And finally, Bersih is against dirty politics. I think we are all rather tired about the gutter politics that has the unspoken support of the federal government. The federal thinks that by dragging the opposition figures through the mud, they can humiliate them in the public eyes. But I believe that is wrong and very dishonourable. As a citizen and voter, I want to see a level playing field between any ruling party and opposition. Why is the federal government refusing to allow this? This, I don't understand.

So you see, these are the eight demands that Bersih is making, which are all rather simple and straightforward as far as I'm concerned. But why is the federal government so afraid of meeting Bersih squarely on these terms, if these are the demands any right-minded democratic society would make? Not unless there is really something to hide or fear.

They claim that the Bersih rally is supported by the opposition parties. So what? The federal government have had their chance to support Bersih when the rally was first mooted and they blew it. So don't complain when the opposition parties take up the cudgels instead. Why blame the opposition for what the federal government has failed to do?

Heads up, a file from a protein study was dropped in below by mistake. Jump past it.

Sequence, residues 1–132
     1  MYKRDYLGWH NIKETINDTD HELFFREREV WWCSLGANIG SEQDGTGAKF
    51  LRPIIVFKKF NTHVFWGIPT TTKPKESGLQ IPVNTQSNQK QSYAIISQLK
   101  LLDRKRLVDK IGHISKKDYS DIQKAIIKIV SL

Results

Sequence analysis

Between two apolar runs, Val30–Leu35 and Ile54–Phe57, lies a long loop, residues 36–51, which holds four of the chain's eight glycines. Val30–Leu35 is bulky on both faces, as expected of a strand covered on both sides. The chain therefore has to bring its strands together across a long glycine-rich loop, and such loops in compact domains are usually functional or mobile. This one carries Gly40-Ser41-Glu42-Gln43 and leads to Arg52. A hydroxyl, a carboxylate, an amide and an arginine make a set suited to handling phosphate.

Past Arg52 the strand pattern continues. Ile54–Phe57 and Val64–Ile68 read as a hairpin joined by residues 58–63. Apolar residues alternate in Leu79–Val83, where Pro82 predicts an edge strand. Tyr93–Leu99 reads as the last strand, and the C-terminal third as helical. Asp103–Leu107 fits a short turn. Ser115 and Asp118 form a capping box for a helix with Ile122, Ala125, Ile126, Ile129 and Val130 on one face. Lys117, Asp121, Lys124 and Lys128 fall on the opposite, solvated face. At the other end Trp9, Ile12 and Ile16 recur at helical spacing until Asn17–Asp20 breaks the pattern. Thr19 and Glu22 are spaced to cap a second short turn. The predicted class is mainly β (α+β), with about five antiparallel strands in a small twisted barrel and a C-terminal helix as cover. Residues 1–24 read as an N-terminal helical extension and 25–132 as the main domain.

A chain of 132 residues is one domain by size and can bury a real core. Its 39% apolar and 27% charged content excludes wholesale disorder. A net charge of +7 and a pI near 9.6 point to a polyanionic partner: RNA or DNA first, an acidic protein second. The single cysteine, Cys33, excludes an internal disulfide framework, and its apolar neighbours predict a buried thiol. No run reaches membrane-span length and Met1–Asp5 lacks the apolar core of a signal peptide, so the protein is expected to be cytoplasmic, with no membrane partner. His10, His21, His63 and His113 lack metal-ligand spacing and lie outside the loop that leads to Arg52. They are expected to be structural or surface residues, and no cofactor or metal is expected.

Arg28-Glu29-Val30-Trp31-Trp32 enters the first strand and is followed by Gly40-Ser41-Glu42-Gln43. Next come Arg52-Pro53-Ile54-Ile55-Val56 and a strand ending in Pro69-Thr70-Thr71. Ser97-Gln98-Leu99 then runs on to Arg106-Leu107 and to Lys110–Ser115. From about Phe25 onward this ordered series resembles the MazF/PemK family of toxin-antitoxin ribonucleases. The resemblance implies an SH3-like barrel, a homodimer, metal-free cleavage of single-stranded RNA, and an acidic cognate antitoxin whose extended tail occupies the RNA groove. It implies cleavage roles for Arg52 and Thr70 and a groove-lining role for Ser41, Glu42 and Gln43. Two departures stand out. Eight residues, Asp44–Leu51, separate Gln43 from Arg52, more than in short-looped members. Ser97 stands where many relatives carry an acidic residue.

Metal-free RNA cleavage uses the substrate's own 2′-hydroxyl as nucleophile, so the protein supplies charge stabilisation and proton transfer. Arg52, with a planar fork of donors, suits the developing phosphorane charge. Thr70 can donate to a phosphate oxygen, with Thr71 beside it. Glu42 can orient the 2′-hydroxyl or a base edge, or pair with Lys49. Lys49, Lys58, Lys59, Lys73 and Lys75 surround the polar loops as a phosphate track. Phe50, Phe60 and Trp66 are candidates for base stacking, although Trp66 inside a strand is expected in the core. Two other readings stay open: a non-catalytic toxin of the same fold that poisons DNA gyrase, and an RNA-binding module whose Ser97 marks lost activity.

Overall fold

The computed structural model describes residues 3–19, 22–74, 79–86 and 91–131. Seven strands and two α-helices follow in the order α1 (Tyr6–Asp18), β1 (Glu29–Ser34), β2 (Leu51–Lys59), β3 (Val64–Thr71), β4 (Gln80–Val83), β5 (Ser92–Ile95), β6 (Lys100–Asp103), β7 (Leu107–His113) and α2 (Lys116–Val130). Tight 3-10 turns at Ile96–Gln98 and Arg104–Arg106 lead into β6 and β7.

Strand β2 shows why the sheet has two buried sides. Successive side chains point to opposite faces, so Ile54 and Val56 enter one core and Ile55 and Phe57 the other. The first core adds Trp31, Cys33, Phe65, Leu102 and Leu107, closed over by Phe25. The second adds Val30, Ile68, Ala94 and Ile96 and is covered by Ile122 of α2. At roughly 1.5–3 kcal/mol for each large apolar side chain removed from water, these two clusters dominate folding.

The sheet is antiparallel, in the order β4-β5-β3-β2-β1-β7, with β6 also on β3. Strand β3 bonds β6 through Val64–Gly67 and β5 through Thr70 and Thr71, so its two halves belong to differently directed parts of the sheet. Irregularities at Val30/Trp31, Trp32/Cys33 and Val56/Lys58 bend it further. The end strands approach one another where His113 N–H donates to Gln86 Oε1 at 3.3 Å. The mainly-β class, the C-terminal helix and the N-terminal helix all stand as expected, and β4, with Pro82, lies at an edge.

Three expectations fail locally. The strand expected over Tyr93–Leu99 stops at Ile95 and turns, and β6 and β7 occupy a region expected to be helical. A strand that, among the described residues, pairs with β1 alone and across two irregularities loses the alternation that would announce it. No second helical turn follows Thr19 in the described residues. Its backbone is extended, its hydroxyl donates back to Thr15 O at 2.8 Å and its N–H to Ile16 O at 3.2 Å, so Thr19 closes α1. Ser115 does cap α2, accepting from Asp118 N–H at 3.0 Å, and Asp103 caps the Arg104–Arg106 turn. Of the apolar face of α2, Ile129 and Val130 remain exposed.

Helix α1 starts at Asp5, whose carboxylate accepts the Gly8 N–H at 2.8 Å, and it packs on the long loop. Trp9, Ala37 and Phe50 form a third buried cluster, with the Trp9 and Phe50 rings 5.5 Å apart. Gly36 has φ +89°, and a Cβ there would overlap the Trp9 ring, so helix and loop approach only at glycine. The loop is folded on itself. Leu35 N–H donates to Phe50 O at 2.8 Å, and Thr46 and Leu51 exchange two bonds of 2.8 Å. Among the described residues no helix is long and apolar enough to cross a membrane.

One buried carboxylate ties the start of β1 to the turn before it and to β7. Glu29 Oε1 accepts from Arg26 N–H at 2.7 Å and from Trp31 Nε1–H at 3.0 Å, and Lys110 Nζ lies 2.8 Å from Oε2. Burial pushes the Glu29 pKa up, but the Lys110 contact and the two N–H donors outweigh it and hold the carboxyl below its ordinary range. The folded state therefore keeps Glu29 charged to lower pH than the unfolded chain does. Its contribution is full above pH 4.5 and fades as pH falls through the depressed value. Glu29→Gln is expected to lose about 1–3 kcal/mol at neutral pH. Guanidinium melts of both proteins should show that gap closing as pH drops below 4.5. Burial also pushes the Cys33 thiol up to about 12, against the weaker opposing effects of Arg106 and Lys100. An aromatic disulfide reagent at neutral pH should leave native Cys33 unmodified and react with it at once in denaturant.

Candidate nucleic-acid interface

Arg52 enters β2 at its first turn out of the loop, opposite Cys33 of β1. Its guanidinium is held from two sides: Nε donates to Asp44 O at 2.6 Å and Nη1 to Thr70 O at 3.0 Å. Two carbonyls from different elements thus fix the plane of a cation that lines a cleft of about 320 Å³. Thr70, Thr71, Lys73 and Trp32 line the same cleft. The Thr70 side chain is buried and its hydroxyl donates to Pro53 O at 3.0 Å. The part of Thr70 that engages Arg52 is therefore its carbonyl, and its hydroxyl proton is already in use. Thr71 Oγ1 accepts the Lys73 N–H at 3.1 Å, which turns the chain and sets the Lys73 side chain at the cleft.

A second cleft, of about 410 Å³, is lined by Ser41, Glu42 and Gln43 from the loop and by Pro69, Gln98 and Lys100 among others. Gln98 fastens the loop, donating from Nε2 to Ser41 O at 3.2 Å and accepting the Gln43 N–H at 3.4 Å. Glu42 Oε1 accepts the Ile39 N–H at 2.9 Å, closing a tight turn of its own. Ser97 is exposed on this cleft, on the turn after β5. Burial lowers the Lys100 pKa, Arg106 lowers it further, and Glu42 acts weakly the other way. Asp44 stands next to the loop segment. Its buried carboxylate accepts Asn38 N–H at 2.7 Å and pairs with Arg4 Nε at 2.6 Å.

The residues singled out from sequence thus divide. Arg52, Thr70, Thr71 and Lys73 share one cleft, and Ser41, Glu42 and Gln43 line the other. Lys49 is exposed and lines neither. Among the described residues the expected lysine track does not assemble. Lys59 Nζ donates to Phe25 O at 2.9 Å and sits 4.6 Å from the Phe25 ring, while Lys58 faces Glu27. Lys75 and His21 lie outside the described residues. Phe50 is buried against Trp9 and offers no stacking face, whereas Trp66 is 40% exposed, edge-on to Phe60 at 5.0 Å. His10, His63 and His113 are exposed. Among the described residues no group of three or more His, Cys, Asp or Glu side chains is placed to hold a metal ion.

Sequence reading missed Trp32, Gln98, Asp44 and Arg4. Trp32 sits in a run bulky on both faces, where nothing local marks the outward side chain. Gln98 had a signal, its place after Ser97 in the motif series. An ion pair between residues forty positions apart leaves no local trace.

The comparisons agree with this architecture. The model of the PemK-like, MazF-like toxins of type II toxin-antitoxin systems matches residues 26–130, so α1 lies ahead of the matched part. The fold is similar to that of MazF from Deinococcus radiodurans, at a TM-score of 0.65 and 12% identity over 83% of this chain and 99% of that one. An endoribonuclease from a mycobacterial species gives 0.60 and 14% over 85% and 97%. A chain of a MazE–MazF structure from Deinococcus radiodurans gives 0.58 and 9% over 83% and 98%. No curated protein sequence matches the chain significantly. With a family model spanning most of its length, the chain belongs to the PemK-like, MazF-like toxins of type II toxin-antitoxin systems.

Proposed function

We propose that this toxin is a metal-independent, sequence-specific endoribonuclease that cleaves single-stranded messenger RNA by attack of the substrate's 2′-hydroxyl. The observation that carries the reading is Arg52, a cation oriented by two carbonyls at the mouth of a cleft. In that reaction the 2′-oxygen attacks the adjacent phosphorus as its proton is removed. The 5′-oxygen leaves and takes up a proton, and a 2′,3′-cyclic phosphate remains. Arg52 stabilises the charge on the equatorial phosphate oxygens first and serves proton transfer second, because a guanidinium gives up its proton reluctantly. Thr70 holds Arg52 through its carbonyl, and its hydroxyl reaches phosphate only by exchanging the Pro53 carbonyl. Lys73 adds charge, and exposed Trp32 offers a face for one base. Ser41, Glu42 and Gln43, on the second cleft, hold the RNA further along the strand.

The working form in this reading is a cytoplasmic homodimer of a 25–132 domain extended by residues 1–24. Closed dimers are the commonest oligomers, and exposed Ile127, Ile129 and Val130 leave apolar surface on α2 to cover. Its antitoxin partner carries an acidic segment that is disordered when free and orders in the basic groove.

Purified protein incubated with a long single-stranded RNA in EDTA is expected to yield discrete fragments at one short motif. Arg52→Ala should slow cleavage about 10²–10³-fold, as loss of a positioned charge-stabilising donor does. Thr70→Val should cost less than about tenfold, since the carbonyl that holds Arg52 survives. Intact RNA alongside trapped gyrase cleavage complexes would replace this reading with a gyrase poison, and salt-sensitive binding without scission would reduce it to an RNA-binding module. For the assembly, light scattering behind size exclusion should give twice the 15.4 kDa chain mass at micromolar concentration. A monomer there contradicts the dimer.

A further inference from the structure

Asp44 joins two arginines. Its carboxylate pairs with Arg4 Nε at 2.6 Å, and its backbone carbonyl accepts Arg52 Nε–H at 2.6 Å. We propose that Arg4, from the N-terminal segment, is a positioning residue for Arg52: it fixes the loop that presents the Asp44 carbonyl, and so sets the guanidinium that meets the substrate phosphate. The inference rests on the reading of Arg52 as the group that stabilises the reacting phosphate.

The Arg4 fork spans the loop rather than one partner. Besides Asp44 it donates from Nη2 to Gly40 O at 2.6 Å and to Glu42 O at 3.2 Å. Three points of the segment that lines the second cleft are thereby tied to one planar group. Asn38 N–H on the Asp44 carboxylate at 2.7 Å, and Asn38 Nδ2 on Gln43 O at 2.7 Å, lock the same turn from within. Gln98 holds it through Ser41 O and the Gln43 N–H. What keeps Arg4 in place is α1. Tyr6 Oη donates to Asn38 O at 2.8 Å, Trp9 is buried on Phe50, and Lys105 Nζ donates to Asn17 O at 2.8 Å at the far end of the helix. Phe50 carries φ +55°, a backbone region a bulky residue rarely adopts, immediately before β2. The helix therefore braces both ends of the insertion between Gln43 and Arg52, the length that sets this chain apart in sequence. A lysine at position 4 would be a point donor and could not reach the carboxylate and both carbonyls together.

Before I go, there is this opinion piece whch everyone should read. It's from a man I admire, a man with guts, a man with conscience.

Wednesday, 29 June 2011

I missed it, and it missed me

Darn. I missed it. It seems that while I was in the midst of writing my chess article for The Star earlier this week, I was blissfully unaware that a small bus-sized space rock called the Asteroid 2011MD had whistled very close to the Earth, passing over the southern Atlantic Ocean off the coast of Antartica, at 1.01am (GMT 17:01 hours) on Tuesday morning.

The asteriod was so close that it was nearer to us than the moon. It was so close that sky-viewers called it one of those frequent, pesky Near-Earth Objects that could bore, irritate, excite, alarm or panic us. At its closest approach, 2011MD was within 12,000km from the Earth. By comparison, the moon is about 380,000km away.

But those folks at NASA assured that the asteroid posed no real threat to me. Even if it had come hurtling down into the atmosphere, it would have disintegrated and only put up an impressive sky show, considering that it is now winter in the southern hemiphere where there is barely any daylight, if at all, over the Antartic continent.